This is a post about art. We're really excited about what's been going on at the Virginia Museum of Fine Arts the past few years. In 2009, the museum completed a $100 million expansion, a beautiful addition that has resulted in some stunning exhibits. We saw a collection of Tiffany work last year - stained glass, sculpture and painting.
The highlight this spring is Picasso: Masterpieces from the Musée National Picasso, Paris. The exhibit features works from the artist's personal collection, on loan from the Paris museum during its renovation. There are only three U.S. stops on the tour, and this is the only exhibition on the East Coast. One month in, 75,000 people had seen the exhibit. It's only here until May 15, so get crackin'.
To make it easier, here are our tips from today's experience:
Dummy's Guide to Picasso
Go even if you're not an art-lover. Let me explain that I'm not well-educated about art. Most of the time I look at it, head cocked to one side, trying to figure out what the heck is going on. I can't understand why some choices are called "bold" or "provocative" when I just see a bit of a mess. If you feel the same way, I'd still encourage you to give it a go. It's the opportunity to see some work normally living in a Paris museum that was hand-selected by a legendary artist to define his legacy.
Get the audio tour. We didn't, and it would have been helpful. There's not much explanation of the work beyond the notation next to the piece. You will get a booklet that explains his different periods, but if you're not familiar with the work, you'll get less out of it. Or, download a free tour (thank to our friend Roger for pointing this out).
Appreciate the genius, even if it doesn't make much sense! We were struck by Picasso's wide-ranging techniques and styles. On one hand, you have finely drawn portraits, and on the other hand, less realistic images with weird, uh, hands. All from the same guy.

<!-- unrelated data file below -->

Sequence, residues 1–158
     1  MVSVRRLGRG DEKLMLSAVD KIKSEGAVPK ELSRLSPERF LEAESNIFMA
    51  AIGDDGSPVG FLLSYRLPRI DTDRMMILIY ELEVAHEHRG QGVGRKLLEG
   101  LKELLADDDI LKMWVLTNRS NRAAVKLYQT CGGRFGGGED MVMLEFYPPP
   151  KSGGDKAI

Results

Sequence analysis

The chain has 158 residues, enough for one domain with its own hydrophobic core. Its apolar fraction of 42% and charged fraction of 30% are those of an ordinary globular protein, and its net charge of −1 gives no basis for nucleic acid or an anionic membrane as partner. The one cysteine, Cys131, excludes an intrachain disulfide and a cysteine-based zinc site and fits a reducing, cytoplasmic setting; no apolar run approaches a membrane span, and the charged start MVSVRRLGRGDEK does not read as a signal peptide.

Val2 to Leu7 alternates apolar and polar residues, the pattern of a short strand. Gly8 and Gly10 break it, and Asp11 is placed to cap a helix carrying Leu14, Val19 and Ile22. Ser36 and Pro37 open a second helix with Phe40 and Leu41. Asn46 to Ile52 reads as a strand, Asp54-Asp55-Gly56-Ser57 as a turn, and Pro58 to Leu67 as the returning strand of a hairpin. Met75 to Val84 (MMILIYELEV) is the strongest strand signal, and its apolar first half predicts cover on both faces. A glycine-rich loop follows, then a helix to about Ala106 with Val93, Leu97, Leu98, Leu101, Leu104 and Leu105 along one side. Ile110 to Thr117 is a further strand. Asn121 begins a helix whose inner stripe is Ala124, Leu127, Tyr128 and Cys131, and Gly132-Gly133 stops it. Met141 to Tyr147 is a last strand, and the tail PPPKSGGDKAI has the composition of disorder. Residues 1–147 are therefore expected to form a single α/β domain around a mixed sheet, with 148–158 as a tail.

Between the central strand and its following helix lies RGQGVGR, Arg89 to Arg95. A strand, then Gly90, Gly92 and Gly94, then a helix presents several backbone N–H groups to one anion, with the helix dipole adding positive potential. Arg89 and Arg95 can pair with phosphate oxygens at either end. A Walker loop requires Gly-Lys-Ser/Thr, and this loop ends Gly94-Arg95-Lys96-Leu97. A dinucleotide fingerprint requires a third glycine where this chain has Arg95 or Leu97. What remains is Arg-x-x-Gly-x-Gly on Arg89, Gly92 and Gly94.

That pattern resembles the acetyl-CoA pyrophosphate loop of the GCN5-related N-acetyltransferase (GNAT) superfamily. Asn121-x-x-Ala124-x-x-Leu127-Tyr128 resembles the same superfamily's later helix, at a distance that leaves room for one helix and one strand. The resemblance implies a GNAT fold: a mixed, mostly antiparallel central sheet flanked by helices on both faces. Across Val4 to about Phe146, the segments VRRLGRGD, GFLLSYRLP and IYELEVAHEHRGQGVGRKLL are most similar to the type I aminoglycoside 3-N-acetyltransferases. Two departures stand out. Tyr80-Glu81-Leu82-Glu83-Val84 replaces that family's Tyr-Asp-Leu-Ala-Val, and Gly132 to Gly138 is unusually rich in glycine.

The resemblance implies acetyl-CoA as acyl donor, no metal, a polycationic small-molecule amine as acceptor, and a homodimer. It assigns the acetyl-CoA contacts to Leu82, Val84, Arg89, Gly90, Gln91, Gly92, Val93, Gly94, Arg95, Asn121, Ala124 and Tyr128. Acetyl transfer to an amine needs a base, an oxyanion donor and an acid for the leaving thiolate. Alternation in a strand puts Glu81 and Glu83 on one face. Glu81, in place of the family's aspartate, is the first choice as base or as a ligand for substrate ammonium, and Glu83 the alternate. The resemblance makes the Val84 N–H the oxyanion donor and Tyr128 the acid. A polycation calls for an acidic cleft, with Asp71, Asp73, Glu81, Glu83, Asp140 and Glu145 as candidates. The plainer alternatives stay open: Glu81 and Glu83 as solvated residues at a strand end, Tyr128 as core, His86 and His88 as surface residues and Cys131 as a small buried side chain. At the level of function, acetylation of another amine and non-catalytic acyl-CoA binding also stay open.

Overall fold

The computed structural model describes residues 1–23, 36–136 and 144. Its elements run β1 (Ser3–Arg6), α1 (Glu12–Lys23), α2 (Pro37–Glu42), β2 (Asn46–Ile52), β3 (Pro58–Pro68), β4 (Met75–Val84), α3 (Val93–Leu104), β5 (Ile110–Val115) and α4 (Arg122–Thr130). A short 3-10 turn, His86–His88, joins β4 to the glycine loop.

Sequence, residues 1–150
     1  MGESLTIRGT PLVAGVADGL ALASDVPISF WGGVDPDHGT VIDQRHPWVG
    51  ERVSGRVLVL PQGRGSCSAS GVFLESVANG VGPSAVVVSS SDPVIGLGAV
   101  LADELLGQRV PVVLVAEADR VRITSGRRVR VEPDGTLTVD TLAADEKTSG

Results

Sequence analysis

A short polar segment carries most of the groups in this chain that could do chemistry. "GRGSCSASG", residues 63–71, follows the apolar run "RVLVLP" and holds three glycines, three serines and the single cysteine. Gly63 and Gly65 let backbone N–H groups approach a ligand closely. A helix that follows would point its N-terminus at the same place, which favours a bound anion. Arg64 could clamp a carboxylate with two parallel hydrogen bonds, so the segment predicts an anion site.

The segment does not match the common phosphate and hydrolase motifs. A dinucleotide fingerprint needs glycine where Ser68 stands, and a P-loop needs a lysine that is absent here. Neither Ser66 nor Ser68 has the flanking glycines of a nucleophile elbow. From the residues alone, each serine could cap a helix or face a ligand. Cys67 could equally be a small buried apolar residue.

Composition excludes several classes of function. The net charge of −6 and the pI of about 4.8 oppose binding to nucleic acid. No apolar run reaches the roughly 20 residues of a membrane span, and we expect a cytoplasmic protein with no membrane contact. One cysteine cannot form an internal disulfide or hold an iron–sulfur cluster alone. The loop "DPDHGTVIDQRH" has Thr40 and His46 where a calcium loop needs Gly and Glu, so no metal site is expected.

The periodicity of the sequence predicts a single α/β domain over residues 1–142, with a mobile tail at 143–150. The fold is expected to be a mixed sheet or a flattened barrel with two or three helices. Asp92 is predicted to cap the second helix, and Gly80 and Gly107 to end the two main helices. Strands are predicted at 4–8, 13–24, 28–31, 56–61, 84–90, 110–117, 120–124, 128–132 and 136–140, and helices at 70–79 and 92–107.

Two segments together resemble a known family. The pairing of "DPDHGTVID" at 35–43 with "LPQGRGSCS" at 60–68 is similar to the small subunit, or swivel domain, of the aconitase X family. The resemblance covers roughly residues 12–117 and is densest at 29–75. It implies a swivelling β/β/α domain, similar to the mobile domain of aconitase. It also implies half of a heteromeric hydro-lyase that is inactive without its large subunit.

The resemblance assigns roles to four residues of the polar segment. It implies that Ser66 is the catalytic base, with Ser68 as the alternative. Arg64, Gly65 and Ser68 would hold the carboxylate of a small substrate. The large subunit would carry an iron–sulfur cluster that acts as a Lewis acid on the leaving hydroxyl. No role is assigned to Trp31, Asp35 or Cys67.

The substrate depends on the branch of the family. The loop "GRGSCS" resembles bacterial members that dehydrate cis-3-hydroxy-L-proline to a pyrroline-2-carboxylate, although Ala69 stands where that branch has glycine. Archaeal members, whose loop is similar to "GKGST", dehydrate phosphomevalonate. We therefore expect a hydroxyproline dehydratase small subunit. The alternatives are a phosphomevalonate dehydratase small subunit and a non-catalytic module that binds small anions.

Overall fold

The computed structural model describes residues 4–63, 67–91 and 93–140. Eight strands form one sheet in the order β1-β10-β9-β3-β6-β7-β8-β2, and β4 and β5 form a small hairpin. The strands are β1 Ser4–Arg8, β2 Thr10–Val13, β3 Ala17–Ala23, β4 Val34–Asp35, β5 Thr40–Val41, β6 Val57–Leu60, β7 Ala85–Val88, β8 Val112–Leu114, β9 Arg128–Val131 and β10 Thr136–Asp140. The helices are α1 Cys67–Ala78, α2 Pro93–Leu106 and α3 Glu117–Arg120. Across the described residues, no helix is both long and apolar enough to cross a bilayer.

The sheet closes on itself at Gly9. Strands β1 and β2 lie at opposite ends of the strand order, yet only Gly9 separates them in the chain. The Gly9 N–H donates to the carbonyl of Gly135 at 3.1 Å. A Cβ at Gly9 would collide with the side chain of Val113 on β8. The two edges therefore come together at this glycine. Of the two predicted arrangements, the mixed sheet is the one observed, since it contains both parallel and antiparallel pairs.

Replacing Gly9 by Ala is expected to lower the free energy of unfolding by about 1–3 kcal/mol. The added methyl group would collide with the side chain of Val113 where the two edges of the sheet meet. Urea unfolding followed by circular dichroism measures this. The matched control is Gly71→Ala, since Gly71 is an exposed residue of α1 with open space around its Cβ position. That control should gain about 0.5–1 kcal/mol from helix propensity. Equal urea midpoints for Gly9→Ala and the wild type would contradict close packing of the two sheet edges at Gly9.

Go with a friend. I feel pretty dense about art. Bobby does, too, but he's able to see more in depth than I am, and ask questions that make you think about what's really going on. We try to talk quietly, though, because we don't want anyone else thinking we're idiots. Because we're the first to make our own comments about that idiot over there waxing on about the Blue Period.
Be prepared for delays. Now, we walked in at 4 pm on a Saturday. It was a mad house. The earliest tickets we could score were for 6:30. That actually worked out great, because we walked over to Strawberry Street Cafe for a fantastic dinner. The staff does well monitoring the flow of the group, but if you don't purchase your tickets online, don't expect that you'll walk right in.
Tickets are $20 each. There are extended hours all this week. Check the website for more details and to order online.
Some of our favorites...
I really loved this sketch. It's not pleasing or pretty. It's supposed to indirectly represent the Spanish Civil War, but really it addresses more suffering in general. All it made me think is that when I'm at a sobbing, gut-wrenching low, I feel exactly what he's sketched. So if you get one "a-ha" moment like this, I guess you've experienced art?
We thought this one was particularly powerful, and had a discussion over coffee about the effects of war. What's going on in the minds of the victims, and in the eyes of the soldiers.
And this one is still totally serious. Still talking about suffering. But all we could think of was Bug yelling, "I don't KNOW where my shoes are, mom!"